“I’m getting by with a little help from my friends,” is a line from a classic Beatles song. This could also apply to Mitsubishi – a member of the Renault-Nissan-Mitsubishi alliance – which uses the Nissan Rogue frame for the 2022 Outlander.
Sharing has its advantages, such as spreading development costs over a wider customer base. The trick is to create sufficiently different identities for the Rogue and Outlander that there’s a reason to buy one or the other, whether it’s style, capability, or fidelity. to the brand.
The new Outlander mostly succeeds on that front with touches that make it look like a Mitsubishi.
Compared to the outgoing Outlander, the new model is slightly longer, five centimeters wider and four centimeters higher. The wheelbase – the distance between the axles of the front and rear wheels – increases by 3.5 centimeters. Most of these dimensions are the same or very similar to the Rogue.
That’s only part of the story, however. The rugged presence of the new Outlander is far superior to the somewhat dated design of the previous version. The front end is also more massive than the Rogue’s, especially the grille and headlight surrounds. The rest of the body differs slightly from that of the Nissan.
The interior of the Outlander also differs in seating capacity. As before – and unlike the Rogue – a two-person third row is standard, although the narrow quarters mean it’s best for occasional use or young children. The second and third row seats fold in half, allowing you to configure a variety of passenger and cargo layouts. Front-row folks get a nice-looking dash and control panel that’s preceded by a dominating touchscreen.
The Outlander uses a nearly identical 2.5-liter four-cylinder engine to the Rogue that produces 181 horsepower and 181 pound-feet of torque. For the Outlander, that’s a nice little bump over the old base four-cylinder that produced 166 horsepower and 162 pound-feet. The previously optional 3.0-liter V6 with 224 horsepower and 215 lb-ft was put to pasture.
The 2.5 is reasonably muscular and somewhat fattening under hard throttle, but it only provides 2,000 pounds (910 kilograms) of towing capacity, compared to 3,500 pounds (1,590 kilograms) for the outgoing V-6-powered model.
The Outlander’s continuously variable transmission comes with eight integrated stages that somewhat copy a conventional gear-driven automatic. All-wheel drive is standard for all versions.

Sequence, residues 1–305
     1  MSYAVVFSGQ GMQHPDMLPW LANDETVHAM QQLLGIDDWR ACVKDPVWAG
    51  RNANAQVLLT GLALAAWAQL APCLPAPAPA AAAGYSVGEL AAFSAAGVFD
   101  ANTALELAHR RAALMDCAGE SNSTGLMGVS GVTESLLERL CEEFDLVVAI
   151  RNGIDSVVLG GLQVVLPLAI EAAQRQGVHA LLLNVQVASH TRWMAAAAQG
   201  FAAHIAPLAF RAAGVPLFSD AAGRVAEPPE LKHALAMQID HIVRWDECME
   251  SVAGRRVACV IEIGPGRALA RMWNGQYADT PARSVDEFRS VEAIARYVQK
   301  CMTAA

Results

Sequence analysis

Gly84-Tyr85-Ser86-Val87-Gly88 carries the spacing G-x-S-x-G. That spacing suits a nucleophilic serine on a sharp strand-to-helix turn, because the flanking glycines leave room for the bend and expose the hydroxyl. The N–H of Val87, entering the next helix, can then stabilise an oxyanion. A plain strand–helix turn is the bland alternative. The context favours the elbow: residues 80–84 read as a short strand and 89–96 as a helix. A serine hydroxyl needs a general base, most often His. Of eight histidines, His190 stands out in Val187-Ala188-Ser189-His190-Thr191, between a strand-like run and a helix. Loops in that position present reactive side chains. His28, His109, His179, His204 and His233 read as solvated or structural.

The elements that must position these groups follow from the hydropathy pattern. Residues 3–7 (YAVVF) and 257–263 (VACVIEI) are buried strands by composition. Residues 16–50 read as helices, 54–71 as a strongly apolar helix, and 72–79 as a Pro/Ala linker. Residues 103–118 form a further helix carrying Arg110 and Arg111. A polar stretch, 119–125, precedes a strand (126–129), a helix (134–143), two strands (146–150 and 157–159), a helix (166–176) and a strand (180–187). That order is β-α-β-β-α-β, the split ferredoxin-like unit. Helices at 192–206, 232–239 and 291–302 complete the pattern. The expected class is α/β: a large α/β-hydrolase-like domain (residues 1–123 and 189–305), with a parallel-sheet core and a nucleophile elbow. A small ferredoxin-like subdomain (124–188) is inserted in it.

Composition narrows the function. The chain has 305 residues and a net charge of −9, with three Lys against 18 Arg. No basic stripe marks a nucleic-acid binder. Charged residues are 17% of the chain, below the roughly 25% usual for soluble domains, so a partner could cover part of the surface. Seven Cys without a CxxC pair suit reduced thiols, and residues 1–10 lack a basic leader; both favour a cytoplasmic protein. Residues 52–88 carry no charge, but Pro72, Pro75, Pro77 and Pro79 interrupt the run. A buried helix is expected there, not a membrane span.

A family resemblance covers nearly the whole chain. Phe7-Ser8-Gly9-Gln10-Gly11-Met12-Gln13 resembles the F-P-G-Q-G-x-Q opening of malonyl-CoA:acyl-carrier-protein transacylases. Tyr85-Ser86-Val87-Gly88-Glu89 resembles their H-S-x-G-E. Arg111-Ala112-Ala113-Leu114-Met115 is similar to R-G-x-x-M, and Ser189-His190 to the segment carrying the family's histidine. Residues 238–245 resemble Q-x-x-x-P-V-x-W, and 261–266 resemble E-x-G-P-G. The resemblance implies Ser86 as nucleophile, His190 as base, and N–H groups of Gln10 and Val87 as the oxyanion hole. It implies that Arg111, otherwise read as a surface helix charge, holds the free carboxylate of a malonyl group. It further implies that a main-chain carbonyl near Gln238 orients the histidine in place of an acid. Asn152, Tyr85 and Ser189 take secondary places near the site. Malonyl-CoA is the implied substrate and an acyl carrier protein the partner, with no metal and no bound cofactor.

Fuel consumption is rated at 9.7 l/100 km in the city, 7.9 on the highway and 8.9 in combined. That’s slightly higher than the Rogue’s 9.2/7.2/8.3 figures (with AWD). The Nissan is a bit lighter, which might explain some of the difference.
All Outlander models come with Eco, Normal, Tarmac (pavement), Gravel, Snow and Mud settings that vary engine, transmission and steering programming.
The base ES – one of five different variants – costs $33,900 including destination charges. The price includes dual-zone climate control, a six-speaker audio system, an 8.0-inch screen as well as a number of active safety technologies such as blind spot warning and traffic alert. rear cross-traffic that helps when backing up.
Depending on the trim, the rest of the field comes with things like a power-adjustable driver’s seat, heated front seats, a 9.0-inch touchscreen with navigation and a multi-view camera.
The top-of-the-line GT ($45,100) comes with tri-zone climate control, quilted leather seat covers, power passenger seat and 12.3-inch digital information display for the driver.
By mid-2022, Mitsubishi says it will launch a new Outlander PHEV (plug-in hybrid) with additional electric power and range over the current carryover version.
The bolder-looking Outlander is a significant improvement over the previous model in almost every way, although ride quality over bumps and rough pavement is a bit jarring and the transmission allows the engine to give feels like it rolls freely under hard acceleration. But the redesign is the kind of jolt the nameplate needs to compete with class heavyweights, including the Rogue.
What you need to know: 2022 Mitsubishi Outlander
Type: All-Wheel Drive Mid-Size Utility Vehicle
Engine (hp): 2.5-liter inline-4 (181)
Transmission: Continuously Variable (CVT)
Market position: The first Mitsubishi vehicle from the Renault alliance does an admirable job of setting itself apart from the Nissan Rogue, which is on a shared platform. Thus, the Outlander becomes a segment competitor.
Points: The new styling looks a bit like the Nissan Rogue, but bolder. • The interior is more upscale, especially the higher trim levels. • The plug-in hybrid version is expected in mid-2022. • The four-cylinder engine is competitive in this class. • The third row seat is not suitable for adults or larger children; there just isn’t enough room.
Driving assistance: Blind spot warning with reversing warning in the event of cross traffic (standard); active cruise control (opt.); forward and reverse emergency braking (standard); driver attention alert (std.); lane departure warning (std.); pedestrian detection (std.)
L/100 km (city/highway): 9.7/7.9
Basic price (destination incl.): $33,900
- Base price: $32,700
- The cabin has plenty of room for five people. The standard turbo I-4 makes 190 hp AWD is opt.
- Base price: $35,150
- One of the largest models in its class has 184 hp. AWD, optional third row seat.
- Base price: $30,800
- 203 hp in-line 4-cylinder as standard. Two hybrids, including a plug-in, are available. AWD is opt.
– written by Malcom Gunn, managing partner at Wheelbase Media